By Katie Remwolt, Realtor with Verrado Realty
Would you like to be a first time home buyer, grab part of the American dream and build wealth over time by doing so?
More home loan options and opportunities are available for new homeowners and boomerang buyers (those who had foreclosure or short sell homes three or more years ago) than ever before. These loans range from zero down payment options to flexible qualifying programs that require less-than-perfect credit. Some programs even accommodate recent grads without an extensive job history.
With that being said, buying your first home can be challenging. What features are must-haves, and which are someday dreams? What do you need to do to qualify for a loan? Here are some great tips:
1. Make sure your credit is in good shape. The better your credit score, the better your chance is of getting a lower-rate mortgage. Check your credit report for mistakes and for any credit problems you can correct. You can get a free report from each of the three credit bureaus once a year at annualcreditreport.com.
2. Work with a REALTOR® who’s a buyer’s agent. A buyer’s agent will advocate and negotiate for you.
3. Learn about the neighborhoods you’re interested in. How do the schools rate? A REALTOR® can help you with these things and help you target your buying interests. For instance, what tops your priority list? Short commute to work? Lots of land? Three bedrooms? A community governed by a homeowners association?
4. Estimate your budget. Besides the down payment, which could range from 0% to 20% depending on your circumstances, you’ll want to plan for costs such as:
• The appraisal (about $300 to $600). It estimates the property’s value at a point in time. It lets you and the lender know how the sales price compares with the appraised value.
• Loan origination fees. The cost of making the loan, including an origination charge, processing fee, underwriting fee, and even points on the loan. These fees are usually .05% to 1% of the loan.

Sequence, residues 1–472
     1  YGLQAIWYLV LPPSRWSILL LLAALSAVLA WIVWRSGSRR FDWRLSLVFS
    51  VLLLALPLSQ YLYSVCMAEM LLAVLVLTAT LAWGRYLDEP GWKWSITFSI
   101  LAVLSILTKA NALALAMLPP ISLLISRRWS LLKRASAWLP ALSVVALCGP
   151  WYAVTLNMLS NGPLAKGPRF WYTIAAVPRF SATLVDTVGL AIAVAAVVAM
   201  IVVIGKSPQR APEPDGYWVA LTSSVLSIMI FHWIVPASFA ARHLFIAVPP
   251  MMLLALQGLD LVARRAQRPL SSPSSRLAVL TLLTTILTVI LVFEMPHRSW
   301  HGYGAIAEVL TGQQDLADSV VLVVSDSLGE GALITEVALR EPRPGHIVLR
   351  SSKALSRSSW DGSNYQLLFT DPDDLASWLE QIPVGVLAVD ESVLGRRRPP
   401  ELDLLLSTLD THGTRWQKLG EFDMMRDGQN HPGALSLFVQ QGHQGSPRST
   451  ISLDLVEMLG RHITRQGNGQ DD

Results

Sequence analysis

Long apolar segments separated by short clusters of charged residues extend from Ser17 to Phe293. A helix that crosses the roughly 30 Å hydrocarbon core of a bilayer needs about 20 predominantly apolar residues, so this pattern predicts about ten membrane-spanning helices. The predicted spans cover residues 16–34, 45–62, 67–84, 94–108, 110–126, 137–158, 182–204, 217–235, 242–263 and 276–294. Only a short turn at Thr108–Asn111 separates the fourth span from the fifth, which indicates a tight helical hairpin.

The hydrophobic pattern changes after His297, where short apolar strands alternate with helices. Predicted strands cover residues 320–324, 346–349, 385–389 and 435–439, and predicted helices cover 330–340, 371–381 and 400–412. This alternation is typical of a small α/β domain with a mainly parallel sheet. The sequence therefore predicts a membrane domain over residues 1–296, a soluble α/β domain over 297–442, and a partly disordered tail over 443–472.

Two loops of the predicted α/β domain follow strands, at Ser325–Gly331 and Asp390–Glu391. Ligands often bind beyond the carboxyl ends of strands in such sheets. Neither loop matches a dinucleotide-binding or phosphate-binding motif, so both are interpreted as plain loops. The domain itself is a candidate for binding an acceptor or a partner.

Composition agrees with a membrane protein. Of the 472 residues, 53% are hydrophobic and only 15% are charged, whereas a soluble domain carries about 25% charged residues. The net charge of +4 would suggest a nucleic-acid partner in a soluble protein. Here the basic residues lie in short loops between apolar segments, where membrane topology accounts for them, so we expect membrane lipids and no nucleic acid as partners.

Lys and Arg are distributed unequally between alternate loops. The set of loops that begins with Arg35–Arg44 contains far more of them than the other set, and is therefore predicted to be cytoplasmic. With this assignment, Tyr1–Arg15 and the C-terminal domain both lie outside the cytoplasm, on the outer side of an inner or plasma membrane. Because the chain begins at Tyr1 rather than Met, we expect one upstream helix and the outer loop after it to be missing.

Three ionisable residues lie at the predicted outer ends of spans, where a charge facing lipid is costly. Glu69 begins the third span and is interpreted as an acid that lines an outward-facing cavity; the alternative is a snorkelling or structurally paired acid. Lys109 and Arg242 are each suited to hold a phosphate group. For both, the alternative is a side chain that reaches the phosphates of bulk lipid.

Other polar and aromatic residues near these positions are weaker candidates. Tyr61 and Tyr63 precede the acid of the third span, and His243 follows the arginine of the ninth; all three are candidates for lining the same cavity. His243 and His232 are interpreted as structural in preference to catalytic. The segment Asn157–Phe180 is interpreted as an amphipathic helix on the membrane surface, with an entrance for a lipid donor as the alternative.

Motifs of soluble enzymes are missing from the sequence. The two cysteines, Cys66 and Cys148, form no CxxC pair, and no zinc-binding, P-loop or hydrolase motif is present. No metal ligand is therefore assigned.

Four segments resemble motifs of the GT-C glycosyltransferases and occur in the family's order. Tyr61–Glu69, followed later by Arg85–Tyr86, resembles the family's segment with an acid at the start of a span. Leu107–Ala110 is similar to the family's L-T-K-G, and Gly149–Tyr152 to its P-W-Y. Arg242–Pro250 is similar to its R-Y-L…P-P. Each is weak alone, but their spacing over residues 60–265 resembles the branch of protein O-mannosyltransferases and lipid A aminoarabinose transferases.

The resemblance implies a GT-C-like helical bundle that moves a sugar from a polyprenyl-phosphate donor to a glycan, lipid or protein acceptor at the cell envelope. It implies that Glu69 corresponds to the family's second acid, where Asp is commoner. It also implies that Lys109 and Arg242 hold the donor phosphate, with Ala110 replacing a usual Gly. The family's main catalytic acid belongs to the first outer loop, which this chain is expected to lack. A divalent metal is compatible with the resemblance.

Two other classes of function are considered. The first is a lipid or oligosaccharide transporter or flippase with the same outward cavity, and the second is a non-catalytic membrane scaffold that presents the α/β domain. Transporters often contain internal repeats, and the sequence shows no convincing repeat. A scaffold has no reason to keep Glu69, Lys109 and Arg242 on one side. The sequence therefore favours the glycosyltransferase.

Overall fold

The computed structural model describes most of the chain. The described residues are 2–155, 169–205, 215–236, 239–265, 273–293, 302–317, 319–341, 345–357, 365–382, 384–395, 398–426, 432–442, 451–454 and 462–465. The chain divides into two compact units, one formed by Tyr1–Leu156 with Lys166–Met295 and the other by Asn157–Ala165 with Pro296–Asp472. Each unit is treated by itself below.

• Title insurance. Protects a buyer or lender against loss from title defects, liens, or other issues. Fees are generally 1% of the loan amount.
• The inspection. A thorough inspection (roughly $300 to $500, depending on the property type) can reveal hidden defects, reducing your risk of incurring surprise expenses later. It offers the opportunity to negotiate for a price reduction or for the sellers to make repairs, depending on the findings.
Get prequalified. Meet with a lender to get a prequalification letter that states what you’re qualified to borrow. This lets sellers know you’re serious.
To get prequalified, you’ll need to gather some paperwork for your lender. Most want to see W-2 forms verifying your employment and income, copies of pay stubs, and two to four months of banking statements. If you’re self-employed, you’ll need your current profit-and-loss statement, a current balance sheet, and personal and business income tax returns for the previous two years.
Please let us know if we can help assist you during this exciting time!